The Trump Treatment for a Campus Conservative
I was disinvited from a college debate on the campus of the State University of New York in New Paltz last March. Left-wing professors didn’t want to hear me debate a left-winger on media coverage of the elections. It was the first time in academic history, to my knowledge, that an actual debate was cancelled because of faculty objections to one side of the debate.
The ban proved to be embarrassing to the president of the university. Reminded in a letter from me that his campus website proclaims a devotion to free speech, he invited me back on October 20. Security was demanded and will be provided.
Before my rescheduled appearance, however, psychologist Dr. Jonathan Haidt was brought to SUNY New Paltz to discuss the controversy over the cancellation, in the context of whether “trigger warnings” should now be used to warn students of speech that may offend them. It looks like he got paid $10,000 for a couple hours’ work, to counsel students about the trauma from a debate that didn’t take place. Those assembled for his lecture then discussed whether a university can be for truth and social justice at the same time.
Any responsible conservative who has found himself on a “list” maintained by the Southern Poverty Law Center or the Council on American Islamic Relations knows that these groups target and try to destroy anybody who stands in the way of their achieving political power in this country. Their charges are picked up repeatedly by the media without any supporting or substantial evidence. They were used by SUNY New Paltz faculty members to create the controversy that forced the cancellation of my debate.
As if this wasn’t bad enough, a student journalist wrote a story about the Haidt lecture that included the allegations that I had “previously claimed that President Barack Obama was born in Kenya and that the LGBTQIA+ community is responsible for global warming.” Neither of these statements attributed to me were ever uttered by me. I didn’t even know what all those initials meant. After I brought these falsehoods to the attention of University President Donald P. Christian and other officers, a correction and apology were issued. Here is the correction:
“It has come to the attention of The Oracle that the Oct. 6 article entitled ‘NYU Professor Talks Trigger Warnings on Campus’ misattributed two claims to Cliff Kincaid, director of investigative journalism for Accuracy in Media. Mr. Kincaid has not claimed that President Barack Obama was born in Kenya nor that the LGBTQIA+ [community] was responsible for global warming.”
Here is what the student journalist attached at the end of the correction:
“Dear Mr. Kincaid,
I want to clarify a sentence in my article on Oct. 6, ‘NYU Professor Talks Trigger Warnings on Campus.’ There seems to be some misinterpretation on my part about past statements you have made, namely that, ‘President Barack Obama was born in Kenya and that the LGBTQIA+ community is responsible for global warming.’
Misinterpreting a web page detailing your past statements on the Southern Poverty Law Center’s website, I incorrectly attributed those aforementioned claims to you and for that I apologize. It was not my intention to misrepresent you and there was certainly no intent behind it.
To be clear, I am at fault and take responsibility for my mistake. I take great pride in my work as an aspiring journalist and it has been a humbling experience to make a mistake of this degree. We will make the necessary corrections to the article and work to improve our fact-checking process for the future.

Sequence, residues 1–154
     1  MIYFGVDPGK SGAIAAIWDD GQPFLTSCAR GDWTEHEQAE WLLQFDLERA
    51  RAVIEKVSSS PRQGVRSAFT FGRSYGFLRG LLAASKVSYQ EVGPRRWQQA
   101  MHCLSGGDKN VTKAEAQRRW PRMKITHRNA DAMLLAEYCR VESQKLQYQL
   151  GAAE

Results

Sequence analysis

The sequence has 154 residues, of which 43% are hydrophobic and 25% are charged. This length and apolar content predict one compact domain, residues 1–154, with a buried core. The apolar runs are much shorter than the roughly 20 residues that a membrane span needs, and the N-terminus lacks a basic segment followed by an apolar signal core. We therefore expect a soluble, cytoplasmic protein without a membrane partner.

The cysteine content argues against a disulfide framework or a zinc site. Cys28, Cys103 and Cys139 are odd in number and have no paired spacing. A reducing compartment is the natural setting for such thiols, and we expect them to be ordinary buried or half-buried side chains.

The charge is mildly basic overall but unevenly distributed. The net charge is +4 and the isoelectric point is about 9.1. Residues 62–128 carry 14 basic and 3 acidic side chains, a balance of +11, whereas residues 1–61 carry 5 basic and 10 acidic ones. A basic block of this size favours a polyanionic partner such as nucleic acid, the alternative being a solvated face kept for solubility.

I look forward to your appearance on campus for the rescheduled debate with Steve Rendall on Oct. 20.
Jack O’Brien, Managing Editor,
The New Paltz Oracle”
By the way, the final two parts of the “LGBTQIA+ community” apparently mean “asexuality” and the “+” symbol “stands for all of the other sexualities, sexes, and genders that aren’t included in these few letters.”
Please recall that the Southern Poverty Law Center (SPLC) was responsible for helping to create the controversy that resulted in the original decision to ban me from campus. Faculty members used information from the SPLC website to argue that I was a threat to the university. None of the faculty members who used their information and raised concerns about my status as a “hatemonger” ever bothered to contact me. I was notified of the cancellation as I was sitting on the tarmac at Reagan National Airport on the way to the event. I got off the plane, got my bags, and went home. I got paid anyway (considerably less than Professor Haidt for his counseling session).
You can see the malicious pattern. The student journalist at the New Paltz Oracle goes back to the same organization responsible for the cancellation of the event to provide an “update” on how I sparked another campus event on “trigger warnings.” And he gets the facts wrong again, since he never contacted me.
On another occasion, the New Paltz student paper published an article insisting that I should have been heard because I represented the Republican Party and Donald J. Trump. This was completely false as well. Nothing in the materials from our speaker’s bureau about this debate or my speech in particular suggests that I represent the Republican Party or Trump, and I do not and never have represented either. Ironically, my prepared speech for our scheduled March 30 debate included remarks very critical of Trump. Our debates have always been portrayed as a debate between right and left, conservative and liberal. That’s all.
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